All aboard!

If you have had enough of the mountains, it’s time to explore the sea and what better way to do that but jump on to a luxury cruise liner?

Manpriya Singh 

Amidst the week-old news of Victoria’s Harbour Authority welcoming its eight-millionth cruise ship passenger to their city, there is definitely an explosion in interest when it comes to cruising.  

“And also the fact that India has the 3rd longest coastline in the world. So, we have a natural affinity towards the sea,” opines Nalini Gupta, head of  a cruise company before sharing how they witnessed a huge jump in the number of Indian passengers after starting a Mumbai to Maldives Cruise in 2016. Followed by another popular route—Cochin to Maldives. 

Destination does matter

Though cruising is more oriented towards the experience of the journey, several cruise liners throw in the attraction of docking at interesting ports.  Adds Nalini, “Presently most Indians cruise to Singapore. Indians, in fact, account for 1 per cent of Singapore’s largest source markets for cruising. However, in the recent past seven nights sailings in the Mediterranean region have become very popular.” 

Canal or ocean cruise? 

Ocean, river or canal cruise? Take your pick. Once the basic check list of Indian food and also value for money (even if it’s luxury cruise liners) have been met with, there comes the option of which sort of water body do you want to go sailing in.  “On an average over 1,80,000 Indians travel on a cruise holiday every year,” Karan Anand, head, Relationships of a leading travel agency points to a few statistics. 

Second-time cruisers 

For those who have done short cruises already, “travel to the Caribbean or Europe to explore a wide range of cruise options. Ports in Bahamas and Venice are among the most popular with this segment. These cruises begin at seven-nights and go up to 14-nights,” adds Karan. North Indians are known to prefer holidaying in Goa or Kerala because of the access to beaches, the preference for cruise is just an extension of wanting to get away from land-locked states.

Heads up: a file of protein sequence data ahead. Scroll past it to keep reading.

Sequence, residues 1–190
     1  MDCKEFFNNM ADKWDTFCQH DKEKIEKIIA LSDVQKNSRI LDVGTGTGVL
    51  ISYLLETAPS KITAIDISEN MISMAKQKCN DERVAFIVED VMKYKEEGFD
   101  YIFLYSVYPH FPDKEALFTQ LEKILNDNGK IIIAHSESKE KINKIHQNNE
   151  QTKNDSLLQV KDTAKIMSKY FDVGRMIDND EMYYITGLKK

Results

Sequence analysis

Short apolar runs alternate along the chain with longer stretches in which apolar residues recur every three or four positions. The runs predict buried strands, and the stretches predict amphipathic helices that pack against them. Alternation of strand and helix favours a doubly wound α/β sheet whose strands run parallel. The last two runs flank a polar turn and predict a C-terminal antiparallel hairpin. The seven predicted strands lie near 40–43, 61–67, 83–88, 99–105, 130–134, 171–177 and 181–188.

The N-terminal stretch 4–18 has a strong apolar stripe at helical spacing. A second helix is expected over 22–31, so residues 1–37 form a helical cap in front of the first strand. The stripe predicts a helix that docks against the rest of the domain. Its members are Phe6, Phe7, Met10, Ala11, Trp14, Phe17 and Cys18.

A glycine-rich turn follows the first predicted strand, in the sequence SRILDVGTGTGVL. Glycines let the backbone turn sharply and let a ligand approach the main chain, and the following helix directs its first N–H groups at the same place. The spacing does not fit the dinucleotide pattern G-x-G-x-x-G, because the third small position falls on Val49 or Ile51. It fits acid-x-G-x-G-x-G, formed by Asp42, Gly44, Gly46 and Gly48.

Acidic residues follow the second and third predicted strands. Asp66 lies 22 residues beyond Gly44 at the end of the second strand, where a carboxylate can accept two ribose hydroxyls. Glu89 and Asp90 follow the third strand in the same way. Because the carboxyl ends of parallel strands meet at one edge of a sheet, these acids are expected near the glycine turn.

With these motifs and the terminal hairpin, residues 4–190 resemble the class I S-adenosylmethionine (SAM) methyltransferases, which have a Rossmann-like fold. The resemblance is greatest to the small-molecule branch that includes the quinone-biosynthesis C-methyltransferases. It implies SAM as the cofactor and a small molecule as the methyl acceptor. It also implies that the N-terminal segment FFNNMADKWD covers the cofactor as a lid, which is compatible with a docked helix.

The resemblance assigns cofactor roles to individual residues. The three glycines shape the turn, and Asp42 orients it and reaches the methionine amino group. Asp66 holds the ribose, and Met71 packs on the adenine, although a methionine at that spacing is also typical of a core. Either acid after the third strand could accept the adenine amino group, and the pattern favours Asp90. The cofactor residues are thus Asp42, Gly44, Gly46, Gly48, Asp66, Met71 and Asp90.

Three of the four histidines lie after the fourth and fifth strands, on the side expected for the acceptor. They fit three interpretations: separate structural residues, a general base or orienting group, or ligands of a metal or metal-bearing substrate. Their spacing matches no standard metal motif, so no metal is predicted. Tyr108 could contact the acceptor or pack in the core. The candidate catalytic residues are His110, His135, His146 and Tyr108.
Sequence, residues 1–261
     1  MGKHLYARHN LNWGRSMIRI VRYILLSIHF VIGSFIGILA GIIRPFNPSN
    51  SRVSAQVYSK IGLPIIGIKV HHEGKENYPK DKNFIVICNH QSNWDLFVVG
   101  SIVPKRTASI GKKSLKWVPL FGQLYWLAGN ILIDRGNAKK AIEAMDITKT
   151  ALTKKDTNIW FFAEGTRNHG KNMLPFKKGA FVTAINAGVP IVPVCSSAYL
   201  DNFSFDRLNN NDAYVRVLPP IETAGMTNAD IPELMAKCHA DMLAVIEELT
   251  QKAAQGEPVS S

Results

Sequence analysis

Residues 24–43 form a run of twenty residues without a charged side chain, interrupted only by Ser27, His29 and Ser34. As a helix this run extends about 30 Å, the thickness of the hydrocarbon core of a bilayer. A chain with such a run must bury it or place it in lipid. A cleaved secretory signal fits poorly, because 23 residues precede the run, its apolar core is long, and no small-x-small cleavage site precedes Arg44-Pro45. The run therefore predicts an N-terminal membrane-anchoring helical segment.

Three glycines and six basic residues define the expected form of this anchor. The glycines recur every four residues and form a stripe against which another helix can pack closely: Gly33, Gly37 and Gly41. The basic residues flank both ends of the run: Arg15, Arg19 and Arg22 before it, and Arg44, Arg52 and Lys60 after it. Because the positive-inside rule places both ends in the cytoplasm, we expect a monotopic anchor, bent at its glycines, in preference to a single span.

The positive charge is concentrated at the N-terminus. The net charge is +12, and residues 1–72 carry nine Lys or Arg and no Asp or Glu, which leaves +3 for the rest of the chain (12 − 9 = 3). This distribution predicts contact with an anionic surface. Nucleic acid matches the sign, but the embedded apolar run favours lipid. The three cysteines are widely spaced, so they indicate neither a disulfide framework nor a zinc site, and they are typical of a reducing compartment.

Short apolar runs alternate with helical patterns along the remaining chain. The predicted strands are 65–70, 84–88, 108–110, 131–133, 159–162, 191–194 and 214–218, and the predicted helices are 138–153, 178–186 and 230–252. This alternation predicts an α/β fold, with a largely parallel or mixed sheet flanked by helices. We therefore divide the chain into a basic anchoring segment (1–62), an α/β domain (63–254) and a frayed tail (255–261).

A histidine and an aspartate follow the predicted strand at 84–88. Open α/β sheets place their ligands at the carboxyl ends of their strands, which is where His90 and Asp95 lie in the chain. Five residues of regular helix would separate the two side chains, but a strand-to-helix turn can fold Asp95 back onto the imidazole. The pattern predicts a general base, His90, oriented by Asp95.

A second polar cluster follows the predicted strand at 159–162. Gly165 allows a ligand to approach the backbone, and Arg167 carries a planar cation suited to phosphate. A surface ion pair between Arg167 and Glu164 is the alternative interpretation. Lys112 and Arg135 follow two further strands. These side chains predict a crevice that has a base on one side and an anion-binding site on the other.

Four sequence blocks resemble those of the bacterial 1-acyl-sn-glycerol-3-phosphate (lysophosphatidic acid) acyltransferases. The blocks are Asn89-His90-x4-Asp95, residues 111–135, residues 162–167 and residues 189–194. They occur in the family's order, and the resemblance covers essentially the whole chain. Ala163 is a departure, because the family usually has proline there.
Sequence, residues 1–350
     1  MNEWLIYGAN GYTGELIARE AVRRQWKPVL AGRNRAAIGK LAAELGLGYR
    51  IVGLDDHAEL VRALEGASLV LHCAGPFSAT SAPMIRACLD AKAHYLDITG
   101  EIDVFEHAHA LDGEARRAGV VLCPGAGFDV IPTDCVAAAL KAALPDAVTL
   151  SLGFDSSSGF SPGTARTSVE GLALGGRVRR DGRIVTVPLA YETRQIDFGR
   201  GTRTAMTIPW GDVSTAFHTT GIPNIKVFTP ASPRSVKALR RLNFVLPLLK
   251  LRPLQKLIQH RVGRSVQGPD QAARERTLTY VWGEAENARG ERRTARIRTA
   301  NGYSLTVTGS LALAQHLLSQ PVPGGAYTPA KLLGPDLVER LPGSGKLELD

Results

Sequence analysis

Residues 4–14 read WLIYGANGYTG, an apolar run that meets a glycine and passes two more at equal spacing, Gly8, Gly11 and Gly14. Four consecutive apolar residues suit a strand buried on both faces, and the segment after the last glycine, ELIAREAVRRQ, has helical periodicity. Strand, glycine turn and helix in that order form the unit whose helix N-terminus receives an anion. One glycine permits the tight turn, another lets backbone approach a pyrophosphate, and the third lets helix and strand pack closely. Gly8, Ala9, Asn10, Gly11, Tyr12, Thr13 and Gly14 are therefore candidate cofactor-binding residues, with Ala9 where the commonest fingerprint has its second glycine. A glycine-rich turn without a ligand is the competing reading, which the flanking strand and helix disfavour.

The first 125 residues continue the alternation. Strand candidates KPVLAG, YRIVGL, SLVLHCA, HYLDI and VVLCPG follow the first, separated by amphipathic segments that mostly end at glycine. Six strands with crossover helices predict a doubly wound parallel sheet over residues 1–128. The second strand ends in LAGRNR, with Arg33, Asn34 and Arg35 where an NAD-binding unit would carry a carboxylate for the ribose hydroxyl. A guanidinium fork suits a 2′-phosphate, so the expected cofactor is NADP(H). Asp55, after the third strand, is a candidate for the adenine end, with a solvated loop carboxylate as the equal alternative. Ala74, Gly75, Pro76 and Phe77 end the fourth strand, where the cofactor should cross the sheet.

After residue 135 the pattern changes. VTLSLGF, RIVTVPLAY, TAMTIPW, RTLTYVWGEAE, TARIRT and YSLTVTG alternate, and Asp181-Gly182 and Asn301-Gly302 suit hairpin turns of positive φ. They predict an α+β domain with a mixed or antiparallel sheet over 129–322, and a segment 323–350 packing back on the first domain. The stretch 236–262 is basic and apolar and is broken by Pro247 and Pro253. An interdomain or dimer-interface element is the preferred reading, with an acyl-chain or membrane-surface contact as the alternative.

He adds, “We have seen demand for cruise rise to over 30 per cent in North India compared to the national average of 18-20 per cent.” Considering that cruise figures in the bucket-list of so many millennials, in times to come, it’s going to get much more popular than it has ever been. 

Cruise on celluloid


Far more than spectacular pictorials of grand cruises, it’s the movies that make you want to go sailing. Any mention of cruise on celluloid has got to start with Titanic. A great cruise movie of all time and every generation. Even though it finally sinks, that doesn’t stop any of us from taking the voyeuristic, vicarious pleasure of hopping onto the giant grand ship.  

Dil Dhadakne Do

Closer home there’s ace director Zoya Akhtar’s Dil Dhadakne Do. A film shot primarily on a luxury cruise liner sailing across European shores is about an uber elite couple who invites friends and family for a 10-day cruise to celebrate their 30th wedding anniversary. That’s when the drama unfolds and across the different parts of the cruise liner. 

Bitter Moon

One of the reasons why Roman Polanski’s thriller makes it to cruise movies not because the suspense  unfold aboard a cruise but also because the couple starring Hugh Grant and Kristen Scott Thomas are travelling to India. 

The Parent Trap

Shot equally on land, but on the cruise is where the drama unfolds. American winery owner Nicholas “Nick” Parker and British wedding gown designer Elizabeth “Liz” James meet, fall in love, and get married on the Queen Elizabeth 2. 

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